Although she double majored in African American Studies and Government and Politics during her undergraduate career at the University of Maryland, Singleton McAllister is excited to share her knowledge about social justice and public policy with the graduates at this year’s sociology commencement ceremony.

McAllister, a Baltimore native, graduated from the university in 1975. During her final year as a Terp, she interned with Congressman Parren J. Mitchell and helped him with his first campaign. This experience soon grew into a full time position as Mitchell’s legislative assistant.
As anyone who passes by the Art-Sociology building can see, Mitchell had strong ties to the university. He was the first African-American person to enroll in graduate classes at the College Park campus. Later, he became Maryland’s first black member of Congress, and he founded the Congressional Black Caucus.
McAllister said Mitchell greatly influenced her interest in public policy and inspired her to pursue a career in law. She was also inspired by her father’s success as the first African-American States Attorney.
In 1984, McAllister earned her J.D. from Howard University Law School and Public Administration, and her career took off quickly. She worked as a teaching assistant at Howard University and after law school served as a law clerk to the late Judge Jack E. Tanner, 9th Circuit in Washington State. Later, she became senior counsel to the U.S. House of Representatives Committee on the Budget, where she worked with various committees.
In 1996, President Bill Clinton appointed McAllister as the General Counsel to the U.S.
Agency for International Development where she acted as the chief legal advisor to 72 missions around the globe.
She said one of her proudest accomplishments when working in private practice was bringing more than 100 associations together to create the Summit Healthcare Coalition and actively trying to reform healthcare. McAllister is also proud of her contributions to the drafting of legislation that implemented sanctions on South Africa during the apartheid era and the creation of the African Development Fund where she served as a member of its Advisory Board for 10 years.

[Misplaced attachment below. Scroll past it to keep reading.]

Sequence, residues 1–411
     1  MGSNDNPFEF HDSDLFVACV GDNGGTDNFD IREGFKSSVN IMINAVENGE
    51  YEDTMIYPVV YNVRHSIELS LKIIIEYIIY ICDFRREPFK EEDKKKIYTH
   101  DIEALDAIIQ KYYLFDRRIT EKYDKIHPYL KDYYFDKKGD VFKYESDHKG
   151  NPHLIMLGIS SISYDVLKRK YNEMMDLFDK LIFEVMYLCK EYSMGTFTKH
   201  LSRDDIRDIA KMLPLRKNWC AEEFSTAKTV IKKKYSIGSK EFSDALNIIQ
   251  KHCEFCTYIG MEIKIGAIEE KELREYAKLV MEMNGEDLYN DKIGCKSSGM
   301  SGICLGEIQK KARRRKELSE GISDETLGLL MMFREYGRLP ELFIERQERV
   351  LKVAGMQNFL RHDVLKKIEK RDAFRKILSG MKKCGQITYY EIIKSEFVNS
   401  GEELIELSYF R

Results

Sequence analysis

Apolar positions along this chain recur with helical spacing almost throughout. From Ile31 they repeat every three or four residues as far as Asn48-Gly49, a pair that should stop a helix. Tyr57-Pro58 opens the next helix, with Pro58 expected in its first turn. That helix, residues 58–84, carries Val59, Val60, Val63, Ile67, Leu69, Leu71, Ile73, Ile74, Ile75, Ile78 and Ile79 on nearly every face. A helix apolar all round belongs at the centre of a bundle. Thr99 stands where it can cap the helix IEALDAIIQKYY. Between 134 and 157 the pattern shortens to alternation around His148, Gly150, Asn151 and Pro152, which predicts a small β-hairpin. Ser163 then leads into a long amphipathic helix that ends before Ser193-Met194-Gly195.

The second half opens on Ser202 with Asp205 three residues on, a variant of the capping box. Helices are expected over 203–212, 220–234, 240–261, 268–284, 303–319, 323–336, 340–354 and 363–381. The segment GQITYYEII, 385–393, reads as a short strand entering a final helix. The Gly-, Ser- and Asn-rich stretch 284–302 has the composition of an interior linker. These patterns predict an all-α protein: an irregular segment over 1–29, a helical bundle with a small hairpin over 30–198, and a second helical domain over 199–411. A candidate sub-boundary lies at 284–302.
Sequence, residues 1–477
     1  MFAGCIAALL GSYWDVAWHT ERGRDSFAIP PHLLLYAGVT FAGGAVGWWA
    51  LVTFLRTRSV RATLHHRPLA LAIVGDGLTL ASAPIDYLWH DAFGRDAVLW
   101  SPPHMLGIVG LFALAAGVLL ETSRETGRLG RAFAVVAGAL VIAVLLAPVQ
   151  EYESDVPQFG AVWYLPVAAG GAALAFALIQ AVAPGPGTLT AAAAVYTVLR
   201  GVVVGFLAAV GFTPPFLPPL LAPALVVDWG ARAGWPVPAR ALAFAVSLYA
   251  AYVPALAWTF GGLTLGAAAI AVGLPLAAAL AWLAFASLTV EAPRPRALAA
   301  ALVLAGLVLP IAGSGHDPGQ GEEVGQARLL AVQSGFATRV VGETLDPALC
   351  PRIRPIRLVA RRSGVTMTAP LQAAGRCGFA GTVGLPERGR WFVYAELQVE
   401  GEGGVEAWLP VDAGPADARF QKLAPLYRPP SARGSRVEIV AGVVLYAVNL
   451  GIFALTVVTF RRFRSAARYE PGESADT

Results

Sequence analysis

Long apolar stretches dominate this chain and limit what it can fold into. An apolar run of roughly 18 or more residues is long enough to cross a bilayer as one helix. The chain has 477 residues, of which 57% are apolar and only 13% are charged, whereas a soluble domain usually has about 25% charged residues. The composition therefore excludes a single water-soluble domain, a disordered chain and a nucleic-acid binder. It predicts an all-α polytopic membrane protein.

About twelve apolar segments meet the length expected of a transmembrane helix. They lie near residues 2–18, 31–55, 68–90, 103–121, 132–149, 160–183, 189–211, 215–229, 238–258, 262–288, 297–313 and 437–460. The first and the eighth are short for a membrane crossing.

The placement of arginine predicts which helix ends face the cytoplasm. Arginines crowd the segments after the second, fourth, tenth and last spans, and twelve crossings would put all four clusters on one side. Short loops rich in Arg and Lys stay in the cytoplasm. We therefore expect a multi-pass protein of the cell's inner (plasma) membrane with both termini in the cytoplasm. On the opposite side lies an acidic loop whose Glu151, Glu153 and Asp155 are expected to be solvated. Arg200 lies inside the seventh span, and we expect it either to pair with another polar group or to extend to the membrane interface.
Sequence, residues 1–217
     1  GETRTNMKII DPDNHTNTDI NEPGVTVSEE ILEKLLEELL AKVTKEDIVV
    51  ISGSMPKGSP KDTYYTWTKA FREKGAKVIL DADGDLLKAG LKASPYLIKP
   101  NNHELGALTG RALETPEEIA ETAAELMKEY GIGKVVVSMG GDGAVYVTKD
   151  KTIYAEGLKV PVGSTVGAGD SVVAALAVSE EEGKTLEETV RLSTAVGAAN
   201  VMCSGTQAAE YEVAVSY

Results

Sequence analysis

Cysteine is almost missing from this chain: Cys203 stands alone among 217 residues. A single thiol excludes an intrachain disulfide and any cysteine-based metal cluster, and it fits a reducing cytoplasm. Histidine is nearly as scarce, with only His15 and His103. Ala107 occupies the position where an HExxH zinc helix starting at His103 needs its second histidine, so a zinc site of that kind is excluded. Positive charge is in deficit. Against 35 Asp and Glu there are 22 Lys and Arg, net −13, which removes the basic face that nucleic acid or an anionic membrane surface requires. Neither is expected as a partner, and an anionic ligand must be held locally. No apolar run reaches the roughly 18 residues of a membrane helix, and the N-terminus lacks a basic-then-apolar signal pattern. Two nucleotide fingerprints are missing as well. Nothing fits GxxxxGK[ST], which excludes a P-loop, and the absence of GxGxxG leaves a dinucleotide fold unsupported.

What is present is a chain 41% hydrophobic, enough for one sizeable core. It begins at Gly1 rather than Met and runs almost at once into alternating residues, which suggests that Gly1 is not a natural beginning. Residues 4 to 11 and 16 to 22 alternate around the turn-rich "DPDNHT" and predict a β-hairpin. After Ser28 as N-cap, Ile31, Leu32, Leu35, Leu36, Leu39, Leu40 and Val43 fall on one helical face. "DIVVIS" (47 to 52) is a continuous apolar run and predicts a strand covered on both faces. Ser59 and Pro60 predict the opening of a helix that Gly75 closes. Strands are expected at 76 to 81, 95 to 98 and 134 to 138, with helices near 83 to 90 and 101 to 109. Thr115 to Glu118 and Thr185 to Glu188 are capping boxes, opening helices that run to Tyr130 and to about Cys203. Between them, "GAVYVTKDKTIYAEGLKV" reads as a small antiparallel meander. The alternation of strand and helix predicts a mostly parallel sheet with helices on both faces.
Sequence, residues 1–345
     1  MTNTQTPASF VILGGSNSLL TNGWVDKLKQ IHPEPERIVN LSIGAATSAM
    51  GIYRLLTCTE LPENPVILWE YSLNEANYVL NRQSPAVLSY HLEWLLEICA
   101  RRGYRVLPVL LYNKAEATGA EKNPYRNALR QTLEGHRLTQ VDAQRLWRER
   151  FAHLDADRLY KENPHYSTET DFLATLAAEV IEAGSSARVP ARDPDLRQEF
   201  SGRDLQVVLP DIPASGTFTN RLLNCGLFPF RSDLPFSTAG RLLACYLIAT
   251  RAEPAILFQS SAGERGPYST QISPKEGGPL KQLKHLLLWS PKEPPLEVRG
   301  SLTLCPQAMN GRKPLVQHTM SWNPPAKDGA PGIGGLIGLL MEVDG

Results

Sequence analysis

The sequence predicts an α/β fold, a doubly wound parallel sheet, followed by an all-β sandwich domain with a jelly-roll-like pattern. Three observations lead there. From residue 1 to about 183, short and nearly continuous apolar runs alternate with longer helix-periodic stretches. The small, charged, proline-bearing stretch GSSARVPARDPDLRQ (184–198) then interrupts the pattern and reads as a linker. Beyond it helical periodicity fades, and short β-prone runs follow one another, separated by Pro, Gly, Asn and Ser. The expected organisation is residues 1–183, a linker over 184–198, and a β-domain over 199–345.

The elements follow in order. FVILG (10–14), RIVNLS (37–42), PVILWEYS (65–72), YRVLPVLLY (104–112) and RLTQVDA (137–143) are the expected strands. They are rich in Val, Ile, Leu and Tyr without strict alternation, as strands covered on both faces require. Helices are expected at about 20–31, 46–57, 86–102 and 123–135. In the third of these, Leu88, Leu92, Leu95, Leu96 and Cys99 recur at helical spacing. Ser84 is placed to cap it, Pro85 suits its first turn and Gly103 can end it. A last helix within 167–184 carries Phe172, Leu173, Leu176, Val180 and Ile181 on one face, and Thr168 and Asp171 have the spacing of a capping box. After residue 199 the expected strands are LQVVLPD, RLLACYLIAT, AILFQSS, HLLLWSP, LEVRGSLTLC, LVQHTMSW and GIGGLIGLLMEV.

While it was often times challenging to be a female African-American lawyer on Capitol Hill, McAllister said she always tried her best to make sure her voice was heard.
Eventually, McAllister switched her focus and went on to become a partner at several different law firms over the following years until she ended up at Husch Blackwell LLP, her current firm and one of the top-100 largest firms in the country. She is a member of the firm’s Technology, Manufacturing & Transportation section.
In addition to her work as a lawyer, McAllister has served on the board of directors for the International Human Rights Law Group and Howard University Hospital, and United Rentals. She is currently a Director of Alliant Energy, Securitas, pdvWireless, Howard University Law School Board of Visitors and the National Women History Museum.
McAllister also serves on the University of Maryland’s Board of Visitors and contributed to the the creation of the Parren J. Mitchell Symposium. The College of Behavioral and Social Sciences and the Department of Sociology hosted the sixth annual symposium in April, bringing many powerful conversations to the forefront of students’ minds.

“At the symposium, people talk about race, immigration, sexuality, sexuality in the law and many other social justice issues that Mitchell fought for,” McAllister said. “I wanted to give back to the university by helping discuss these important issues that you may not hear about anywhere else on campus.”

McAllister is proud to continue Mitchell’s legacy as he was “very near and dear” to her heart, and she was honored when the College of Behavioral and Social Sciences asked her to speak to sociology graduates. “The sociology department takes on social issues with great breadth and depth,” McAllister said.

As for the Sociology graduates who have devoted their college careers to studying major societal issues, McAllister said the world outside of the University of Maryland will greatly appreciate their unique skills.

“We need these types of deep thinkers especially in this time when there seems to be divide on every level,” she said. “We need their perspective and their ability to think through complicated social challenges.”

Singleton McCallister